Ser. 3. No. 3. (2015)

Quantitative and GIS-based archaeological analysis of the Late Roman rural settlement of Ács-Kovács-rétek

Published December 7, 2015
How to Cite
Vágvölgyi, B. (2015). Quantitative and GIS-based archaeological analysis of the Late Roman rural settlement of Ács-Kovács-rétek. Dissertationes Archaeologicae, 3(3), 127-189.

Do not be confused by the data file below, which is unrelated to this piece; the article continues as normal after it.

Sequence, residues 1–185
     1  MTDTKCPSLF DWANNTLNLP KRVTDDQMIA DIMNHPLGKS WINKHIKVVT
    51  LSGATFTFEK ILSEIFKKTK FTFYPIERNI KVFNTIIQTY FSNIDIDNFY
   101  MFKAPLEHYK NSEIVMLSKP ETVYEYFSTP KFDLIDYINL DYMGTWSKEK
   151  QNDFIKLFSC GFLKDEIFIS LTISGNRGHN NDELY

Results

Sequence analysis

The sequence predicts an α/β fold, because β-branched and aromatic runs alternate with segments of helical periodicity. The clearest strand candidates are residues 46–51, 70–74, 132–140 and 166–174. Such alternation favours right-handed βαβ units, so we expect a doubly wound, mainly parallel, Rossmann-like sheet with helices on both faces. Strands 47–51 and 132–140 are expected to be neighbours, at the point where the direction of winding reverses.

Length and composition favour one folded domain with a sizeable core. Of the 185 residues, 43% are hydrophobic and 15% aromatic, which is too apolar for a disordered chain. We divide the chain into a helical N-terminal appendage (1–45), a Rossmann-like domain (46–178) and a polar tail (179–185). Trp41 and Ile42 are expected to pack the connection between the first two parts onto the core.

One of the biggest problems archaeologists face during interpretation is the fragmented and incomplete nature of the datasets often produced by field work. In most cases, the excavation of a whole site is not possible, and even the find material is so fragmented as to make their interpretation quite problematic. Such is the case of Ács-Kovács-rétek, a small Late Roman rural settlement, a part of which was excavated in 2009–2010. These excavations provided a very deep insight into the life of the village, but due to their limited scope, they still left a number of questions unanswered. For a more thorough interpretation of the site, we have to look at the find material and its spatial and chronological context from as many different angles as possible. Such analyses have to rely heavily on very detailed quantitative and GIS-based methods that can not only hold large amounts of very diverse information, but can also recombine this information for statistical and spatial analyses that can deepen our understanding of the site. The aim of this paper is to demonstrate the power of detailed quantitative databases and methods for site interpretation through the study of a Late Roman settlement, Ács-Kovács-rétek. During the course of this research a large number of attributes of the find material and the site itself were recorded in structured databases. Thanks to the rational structuring of this data, it could not only be statistically analyzed, but also compared to other sites as well, helping to solidify the timeframe in which the settlement was inhabited, and also uncovering several interesting patterns about its inhabitants. Furthermore, the combination of this data with spatial information even helped to recognize certain changes and spatial patterns within the settlement itself. By the end of my research, a clear picture emerged of this Late Roman village, showing a Romanized population living here from the end of the 3rd through the 4th century AD that not only had connections regionally, but also fit into a local rural landscape in the hinterlands of the \textit{Ripa Pannonica}.